Consistency. I am constantly working on consistency.

When I was 21, I graduated from university and came to Israel to learn in a seminary (a center for Jewish learning). At the time, I had been keeping Shabbat already for a few years, and I was very happy learning and growing in Judaism. The more I learned, the more I understood that there was so much more to learn, and yet with the learning came more clarity and light.

A few months into the school year, we hadI met up with a friend from college a short break and I met up with a friend from college who was studying at Hebrew University. We decided to go on a trip to Greece for a few days.

What can I say? The Greek Islands were beautiful. I appreciate beauty. But something happened on that trip that didn’t sit well with me. Something that changed me. I remember sitting in a non-kosher Greek cafe in my former attire of pants (I had left my long skirts and modest clothing in Jerusalem) and feeling, well, very uncomfortable. It had already been a few months since I had not worn pants and a few months of being in only kosher restaurants.

I thought to myself, “What in the world am I doing here?”

Because you see, while I work hard at being “flexible” and “going with the flow,” inconsistencies don’t sit well with me. I asked myself, “How can you dress one way in one place and a different way in another?” To have one identity at “home” and another one when I was away felt off. It felt contradictory.

Growing up, it seemed like Judaism was simply a religion with traditions and rituals. It was like a membership to a club. Just show up when you want and follow the rules while you are there.

But this wasn’t the only message that I got. I received a fundamental teaching from my grandparents’ survival of the Nazis, and from my other grandparents who in the 1930s and 1940s got turned down from job after job because they wouldn’t leave their Shabbat observance at home.

Yes, Judaism is family, holidays and traditions. There are rules and rituals. But being Jewish is not just about what one does or doesn’t do. Sitting there in that cafe, I realized that Judaism was my entire being. It was who I am—the core part of my essence that no one can take away from me. I realized that I have to be who I am wherever I am, even if the conditions are challenging.

It dawned on me that Torah isn’t even a “way” of life. Torah is life. Torah touches every aspect of your life. Inside, outside. In private and in public.

It demands that you show kindness to your family—not just in public, but in private, too. It demands that you work on your patience and your tone of voice, even if no one is paying attention or listening. It demands that you eat the same kosher food in your home as you do on a trip. Judaism demands that you ask questions and find out when and how to be flexible, and it demands that you hold your ground and stand firm.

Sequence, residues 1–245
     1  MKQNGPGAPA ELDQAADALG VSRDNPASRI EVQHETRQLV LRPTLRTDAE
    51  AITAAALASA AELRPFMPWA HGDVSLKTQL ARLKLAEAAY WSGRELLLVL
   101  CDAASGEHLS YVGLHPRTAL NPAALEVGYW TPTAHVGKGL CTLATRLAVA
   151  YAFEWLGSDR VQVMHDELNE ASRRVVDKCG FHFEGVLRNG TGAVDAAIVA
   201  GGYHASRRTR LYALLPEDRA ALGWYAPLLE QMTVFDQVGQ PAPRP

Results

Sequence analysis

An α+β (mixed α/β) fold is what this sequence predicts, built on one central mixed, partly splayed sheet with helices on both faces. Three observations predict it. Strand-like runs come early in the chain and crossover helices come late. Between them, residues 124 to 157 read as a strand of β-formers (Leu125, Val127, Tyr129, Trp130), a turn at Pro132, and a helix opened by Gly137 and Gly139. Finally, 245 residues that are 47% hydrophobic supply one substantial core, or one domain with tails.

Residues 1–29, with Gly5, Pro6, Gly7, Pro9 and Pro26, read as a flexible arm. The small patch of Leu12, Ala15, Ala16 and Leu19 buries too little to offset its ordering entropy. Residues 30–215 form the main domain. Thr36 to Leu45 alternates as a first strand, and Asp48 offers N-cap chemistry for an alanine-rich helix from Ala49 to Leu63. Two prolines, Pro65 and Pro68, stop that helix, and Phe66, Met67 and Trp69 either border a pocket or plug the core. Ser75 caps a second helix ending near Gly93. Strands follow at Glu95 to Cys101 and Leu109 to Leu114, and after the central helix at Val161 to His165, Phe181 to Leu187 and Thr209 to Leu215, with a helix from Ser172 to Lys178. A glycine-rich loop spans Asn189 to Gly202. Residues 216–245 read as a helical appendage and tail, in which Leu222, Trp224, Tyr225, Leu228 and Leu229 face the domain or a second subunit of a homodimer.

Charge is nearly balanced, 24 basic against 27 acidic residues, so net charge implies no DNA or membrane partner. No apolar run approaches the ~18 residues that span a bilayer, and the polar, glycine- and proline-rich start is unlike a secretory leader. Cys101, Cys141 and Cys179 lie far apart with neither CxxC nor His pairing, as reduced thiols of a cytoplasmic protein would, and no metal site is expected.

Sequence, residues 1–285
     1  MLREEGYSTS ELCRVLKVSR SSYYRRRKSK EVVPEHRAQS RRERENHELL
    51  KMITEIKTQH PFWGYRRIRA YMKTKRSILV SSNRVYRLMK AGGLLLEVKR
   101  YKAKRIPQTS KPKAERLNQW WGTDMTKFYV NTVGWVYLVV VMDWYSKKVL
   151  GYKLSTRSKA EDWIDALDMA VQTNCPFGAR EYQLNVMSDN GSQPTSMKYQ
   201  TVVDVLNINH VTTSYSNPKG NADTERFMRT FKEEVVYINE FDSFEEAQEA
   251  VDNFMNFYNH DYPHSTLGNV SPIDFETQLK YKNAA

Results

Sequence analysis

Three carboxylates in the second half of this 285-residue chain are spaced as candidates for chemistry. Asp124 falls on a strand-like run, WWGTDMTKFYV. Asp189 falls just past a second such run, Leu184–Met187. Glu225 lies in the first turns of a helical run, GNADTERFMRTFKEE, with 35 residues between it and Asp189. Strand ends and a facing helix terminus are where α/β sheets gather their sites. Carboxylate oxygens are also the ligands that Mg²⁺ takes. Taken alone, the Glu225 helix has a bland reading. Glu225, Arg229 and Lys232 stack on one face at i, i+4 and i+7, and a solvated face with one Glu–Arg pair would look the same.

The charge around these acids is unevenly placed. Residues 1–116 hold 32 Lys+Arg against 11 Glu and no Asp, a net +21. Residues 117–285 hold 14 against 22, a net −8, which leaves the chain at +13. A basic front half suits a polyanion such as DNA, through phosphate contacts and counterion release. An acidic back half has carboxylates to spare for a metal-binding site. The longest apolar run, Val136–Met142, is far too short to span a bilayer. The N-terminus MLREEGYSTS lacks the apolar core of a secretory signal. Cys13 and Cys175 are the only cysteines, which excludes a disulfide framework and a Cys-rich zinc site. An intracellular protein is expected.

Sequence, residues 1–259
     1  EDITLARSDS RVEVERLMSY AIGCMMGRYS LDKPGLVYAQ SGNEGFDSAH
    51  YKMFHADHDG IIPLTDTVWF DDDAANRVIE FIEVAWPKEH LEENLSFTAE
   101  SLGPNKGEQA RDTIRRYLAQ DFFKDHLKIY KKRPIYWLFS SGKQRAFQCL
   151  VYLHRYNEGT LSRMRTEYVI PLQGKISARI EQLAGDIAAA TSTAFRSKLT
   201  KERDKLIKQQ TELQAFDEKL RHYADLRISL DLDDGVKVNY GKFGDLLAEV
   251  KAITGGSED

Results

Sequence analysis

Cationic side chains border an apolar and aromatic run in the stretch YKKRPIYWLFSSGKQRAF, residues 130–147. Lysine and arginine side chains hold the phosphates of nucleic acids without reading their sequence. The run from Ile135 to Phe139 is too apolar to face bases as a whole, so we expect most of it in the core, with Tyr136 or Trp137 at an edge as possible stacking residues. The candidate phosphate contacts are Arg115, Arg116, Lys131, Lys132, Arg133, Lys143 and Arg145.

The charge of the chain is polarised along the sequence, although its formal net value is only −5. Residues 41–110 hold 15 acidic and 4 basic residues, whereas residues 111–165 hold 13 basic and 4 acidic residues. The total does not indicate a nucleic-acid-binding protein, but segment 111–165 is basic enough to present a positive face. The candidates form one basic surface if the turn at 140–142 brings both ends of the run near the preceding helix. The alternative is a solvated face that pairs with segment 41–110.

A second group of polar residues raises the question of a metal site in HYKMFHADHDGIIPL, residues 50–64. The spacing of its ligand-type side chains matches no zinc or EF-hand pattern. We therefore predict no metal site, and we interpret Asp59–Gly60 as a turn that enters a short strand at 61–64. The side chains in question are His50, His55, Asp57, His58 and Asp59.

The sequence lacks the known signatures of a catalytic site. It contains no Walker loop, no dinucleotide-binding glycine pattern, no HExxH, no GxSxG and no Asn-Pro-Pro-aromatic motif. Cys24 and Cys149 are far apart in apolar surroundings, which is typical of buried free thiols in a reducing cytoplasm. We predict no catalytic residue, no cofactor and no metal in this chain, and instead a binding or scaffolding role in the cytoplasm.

How ironic and how appropriate that sitting there in the Greek islands all this came to me.

More than 2,000 years ago, the Syrian-Greek Empire conquered Israel and oppressed the Jews. One of the main ideals of the Greek empire was outward beauty. The Greeks taught that beauty is physical. It is a body without a soul.

But Judaism incorporates body and soul. Judaism emphasizesJudaism incorporates body and soul truth and moral purity; physical, spiritual, they are always connected. Our work in this world is to use all aspects of our physical world to fulfil our G‑dly mission.

The war between the Greeks and the Jews was a battle to connect the body to the soul. A miracle happened, and the Jews won the military war. Every year we celebrate not only the military victory, but the miracle of the light of the menorah in the Holy Temple. The miracle of being able to illuminate physicality with spiritually.

We celebrate by lighting the menorah’s candles (representing the soul and spirituality) in the most public place (representing communal and physicality) for all to see.

As a child, I couldn’t understand inconsistencies. Actually, most children cannot. And as a parent, I see that one of the most effective parenting tools that I possess is consistency. If I am not consistent, then my children don’t believe me or in me.

The word for Chanukah has the same root as the Hebrew word for “education,” chinuch. Is that a coincidence? No, in the Hebrew language, there are no coincidences.

A Greek island, Chanukah, the menorah, education. It all goes back to being consistent with who we essentially are.